Vitamin B1 is mostly referred to by the name thiamine now, though it was previously simply known as one of the 8 water soluble B vitamins. It holds the distinction of being the first organ compound to gain recognition as a vitamin.
The bodily functions thiamine is involved includes electrolyte flow in and out of muscle and nerve cells, the functioning of the muscles and nervous system, a number of enzyme processes, producing hydrochloric acid needed for good digestion. It is intrinsic to the body’s production of energy and without it, the body would be unable to convert sugars into usable energy. Vitamin B1 is also vital for the brain to function properly.
Many foods contain trace amounts of this vitamin but the following foods contain more significant amounts: legumes such as lentils and beans, nuts, beef, milk, tuna, oats, brewer’s yeast, yeast, pork, oranges, whole cereal grains, wheat, seeds, green vegetables such as asparagus and spinach, and rice. Foods that are processed, such as white rice and white flour, will often have thiamine added because the natural vitamin is processed out.
Vitamin B1 is not stable and can be easily damaged by several factors. If food becomes too acid, has sulfites or nitrites added, exposed to heat for very long or kept refrigerated long term, it loses a substantial amount of thiamine. As much as possible, food should be eaten fresh and raw or only lightly cooked to obtain the highest amount of thiamine from the food.
Because it is water soluble, not much thiamine is stored so it can deplete rather quickly in about fourteen days. Though it doesn’t happen often, a deficiency that is chronic and severe is called beriberi. Serious complications can result from beriberi that affect the heart, brain, muscles, nervous system and the gastrointestinal system. Other conditions that can result from thiamine deficiency are Korsakoff’s psychosis, Wernicke’s encephalopathy and Wernicke-Korsakoff syndrome. Severe alcoholism can deplete the body of vitamin B1 and cause a deficiency. Increased thiamine intake is the usual method of treatment for conditions resulting from thiamine deficiency.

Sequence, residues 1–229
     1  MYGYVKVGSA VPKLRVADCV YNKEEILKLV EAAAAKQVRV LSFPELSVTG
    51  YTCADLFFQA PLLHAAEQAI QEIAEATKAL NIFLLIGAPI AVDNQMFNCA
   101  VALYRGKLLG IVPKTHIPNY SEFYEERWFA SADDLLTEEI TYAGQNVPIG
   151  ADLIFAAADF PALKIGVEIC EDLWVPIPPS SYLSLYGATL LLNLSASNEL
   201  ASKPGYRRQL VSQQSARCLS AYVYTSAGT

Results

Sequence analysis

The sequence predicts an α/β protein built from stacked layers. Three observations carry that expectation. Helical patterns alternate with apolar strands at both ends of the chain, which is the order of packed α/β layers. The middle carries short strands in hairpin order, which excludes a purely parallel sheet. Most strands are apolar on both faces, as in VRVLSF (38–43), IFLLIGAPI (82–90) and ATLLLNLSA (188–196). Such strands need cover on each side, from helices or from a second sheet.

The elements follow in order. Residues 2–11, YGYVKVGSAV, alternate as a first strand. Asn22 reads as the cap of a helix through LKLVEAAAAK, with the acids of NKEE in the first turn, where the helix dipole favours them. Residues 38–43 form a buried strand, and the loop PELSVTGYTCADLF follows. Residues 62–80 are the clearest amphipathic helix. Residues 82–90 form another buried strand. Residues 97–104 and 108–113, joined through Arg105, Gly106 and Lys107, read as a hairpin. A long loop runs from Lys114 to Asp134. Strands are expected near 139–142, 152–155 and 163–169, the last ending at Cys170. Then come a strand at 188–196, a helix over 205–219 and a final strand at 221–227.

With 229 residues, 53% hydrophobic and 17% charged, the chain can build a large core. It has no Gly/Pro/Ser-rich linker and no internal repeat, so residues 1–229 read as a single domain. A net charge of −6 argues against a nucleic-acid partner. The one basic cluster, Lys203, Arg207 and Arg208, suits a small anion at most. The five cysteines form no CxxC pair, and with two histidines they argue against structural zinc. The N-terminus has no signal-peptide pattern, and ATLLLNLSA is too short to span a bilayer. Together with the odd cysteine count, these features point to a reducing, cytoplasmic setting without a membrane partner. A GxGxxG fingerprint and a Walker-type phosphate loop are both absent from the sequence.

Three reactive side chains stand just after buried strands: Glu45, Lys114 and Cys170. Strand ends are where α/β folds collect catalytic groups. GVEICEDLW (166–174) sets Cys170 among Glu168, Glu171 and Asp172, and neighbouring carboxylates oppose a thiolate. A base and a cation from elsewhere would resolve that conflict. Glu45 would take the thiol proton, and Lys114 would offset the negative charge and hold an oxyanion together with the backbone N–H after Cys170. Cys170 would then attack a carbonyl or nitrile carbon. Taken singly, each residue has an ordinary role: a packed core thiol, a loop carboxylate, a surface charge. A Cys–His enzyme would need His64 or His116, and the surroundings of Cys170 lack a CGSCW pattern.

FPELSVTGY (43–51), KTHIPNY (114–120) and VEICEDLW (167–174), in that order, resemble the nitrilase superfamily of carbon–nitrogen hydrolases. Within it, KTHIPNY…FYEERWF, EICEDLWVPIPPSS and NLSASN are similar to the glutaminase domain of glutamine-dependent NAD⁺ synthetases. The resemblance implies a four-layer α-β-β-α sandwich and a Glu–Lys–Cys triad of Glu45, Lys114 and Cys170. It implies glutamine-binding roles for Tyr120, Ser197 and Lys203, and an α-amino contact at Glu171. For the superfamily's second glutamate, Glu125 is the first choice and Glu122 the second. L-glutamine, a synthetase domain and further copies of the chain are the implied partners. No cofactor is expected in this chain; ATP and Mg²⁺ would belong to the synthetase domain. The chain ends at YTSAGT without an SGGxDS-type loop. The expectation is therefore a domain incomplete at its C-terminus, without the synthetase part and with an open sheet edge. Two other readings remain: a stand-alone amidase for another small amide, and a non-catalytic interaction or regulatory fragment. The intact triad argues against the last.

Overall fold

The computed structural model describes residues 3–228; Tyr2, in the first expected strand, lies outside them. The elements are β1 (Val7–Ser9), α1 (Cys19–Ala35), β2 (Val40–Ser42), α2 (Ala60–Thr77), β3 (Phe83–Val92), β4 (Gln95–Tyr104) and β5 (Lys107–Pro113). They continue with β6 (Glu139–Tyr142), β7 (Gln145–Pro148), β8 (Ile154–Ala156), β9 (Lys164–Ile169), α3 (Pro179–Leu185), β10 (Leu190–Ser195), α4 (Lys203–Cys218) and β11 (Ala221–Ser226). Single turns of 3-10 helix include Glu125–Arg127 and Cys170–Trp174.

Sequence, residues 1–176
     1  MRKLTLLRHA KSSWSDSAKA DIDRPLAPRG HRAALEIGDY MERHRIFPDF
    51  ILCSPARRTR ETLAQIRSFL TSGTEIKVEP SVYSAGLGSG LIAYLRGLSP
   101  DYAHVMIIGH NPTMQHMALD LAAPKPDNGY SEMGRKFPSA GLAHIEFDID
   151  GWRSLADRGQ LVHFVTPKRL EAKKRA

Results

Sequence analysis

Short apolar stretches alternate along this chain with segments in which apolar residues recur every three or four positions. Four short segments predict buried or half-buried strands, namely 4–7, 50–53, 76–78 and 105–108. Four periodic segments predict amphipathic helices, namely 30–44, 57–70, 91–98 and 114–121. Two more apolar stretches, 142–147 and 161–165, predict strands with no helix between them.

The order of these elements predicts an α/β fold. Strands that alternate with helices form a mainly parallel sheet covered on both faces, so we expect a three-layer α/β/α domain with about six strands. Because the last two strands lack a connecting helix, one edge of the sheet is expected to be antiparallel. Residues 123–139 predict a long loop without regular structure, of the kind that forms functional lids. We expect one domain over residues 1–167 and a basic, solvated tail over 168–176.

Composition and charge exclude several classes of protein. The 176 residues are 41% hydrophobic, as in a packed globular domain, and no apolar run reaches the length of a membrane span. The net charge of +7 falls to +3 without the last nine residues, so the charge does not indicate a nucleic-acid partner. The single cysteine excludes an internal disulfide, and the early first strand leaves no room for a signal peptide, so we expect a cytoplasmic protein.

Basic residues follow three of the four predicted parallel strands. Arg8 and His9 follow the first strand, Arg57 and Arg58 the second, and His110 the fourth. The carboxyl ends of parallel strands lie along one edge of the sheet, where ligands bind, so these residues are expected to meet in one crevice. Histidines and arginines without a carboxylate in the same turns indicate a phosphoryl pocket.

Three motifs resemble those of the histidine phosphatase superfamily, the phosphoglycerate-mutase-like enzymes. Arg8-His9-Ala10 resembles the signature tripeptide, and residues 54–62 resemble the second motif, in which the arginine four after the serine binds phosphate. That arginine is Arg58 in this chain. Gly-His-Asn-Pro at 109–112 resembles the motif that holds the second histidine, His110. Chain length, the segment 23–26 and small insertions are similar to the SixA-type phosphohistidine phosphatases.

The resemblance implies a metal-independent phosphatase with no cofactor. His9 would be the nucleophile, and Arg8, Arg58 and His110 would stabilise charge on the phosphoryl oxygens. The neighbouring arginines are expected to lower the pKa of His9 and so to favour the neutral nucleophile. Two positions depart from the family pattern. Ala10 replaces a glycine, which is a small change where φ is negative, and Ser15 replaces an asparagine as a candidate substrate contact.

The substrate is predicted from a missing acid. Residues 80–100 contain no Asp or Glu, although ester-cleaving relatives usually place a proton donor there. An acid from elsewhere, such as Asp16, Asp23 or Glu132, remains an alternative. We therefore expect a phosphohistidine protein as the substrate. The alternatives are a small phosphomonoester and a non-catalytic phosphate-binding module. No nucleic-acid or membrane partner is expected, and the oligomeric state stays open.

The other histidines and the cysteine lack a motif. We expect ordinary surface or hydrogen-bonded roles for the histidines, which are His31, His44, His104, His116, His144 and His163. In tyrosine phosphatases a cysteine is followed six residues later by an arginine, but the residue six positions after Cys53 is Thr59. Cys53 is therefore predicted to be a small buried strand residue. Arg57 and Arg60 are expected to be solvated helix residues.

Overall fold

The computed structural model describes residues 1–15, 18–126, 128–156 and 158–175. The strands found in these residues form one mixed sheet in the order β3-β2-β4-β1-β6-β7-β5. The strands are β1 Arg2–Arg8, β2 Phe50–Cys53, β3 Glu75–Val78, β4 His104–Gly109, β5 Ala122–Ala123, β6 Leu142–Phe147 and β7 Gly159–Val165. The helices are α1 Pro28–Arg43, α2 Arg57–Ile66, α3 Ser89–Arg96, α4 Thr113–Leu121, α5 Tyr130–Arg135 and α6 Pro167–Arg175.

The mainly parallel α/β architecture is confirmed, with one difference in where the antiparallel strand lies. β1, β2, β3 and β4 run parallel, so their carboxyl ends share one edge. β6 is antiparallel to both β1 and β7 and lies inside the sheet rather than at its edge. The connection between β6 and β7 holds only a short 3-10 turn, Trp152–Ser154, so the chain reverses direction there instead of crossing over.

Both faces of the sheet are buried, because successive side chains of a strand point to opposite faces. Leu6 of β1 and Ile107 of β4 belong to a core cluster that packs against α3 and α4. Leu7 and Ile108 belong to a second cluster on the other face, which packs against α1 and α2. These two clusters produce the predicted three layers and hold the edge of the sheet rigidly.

To date, a toxic level of thiamine has not been found. High doses have been used to treat conditions such as maple sugar urine disease and alcoholism. As of 1998, no upper limit of tolerance has been established.
Of all the B vitamins, B1 is the most dependent on other B vitamins. Without enough folic acid, B6 and B12, thiamine cannot be absorbed as it should be and without enough B12, there can be more thiamine loss through urine. B6 seems to assist in the distribution of thiamine through the body.
This vitamin is easy to get enough of through food intake so supplementation is not usually necessary. However, since it does not have a toxic level, taking additional thiamine in supplements is not harmful and can be beneficial.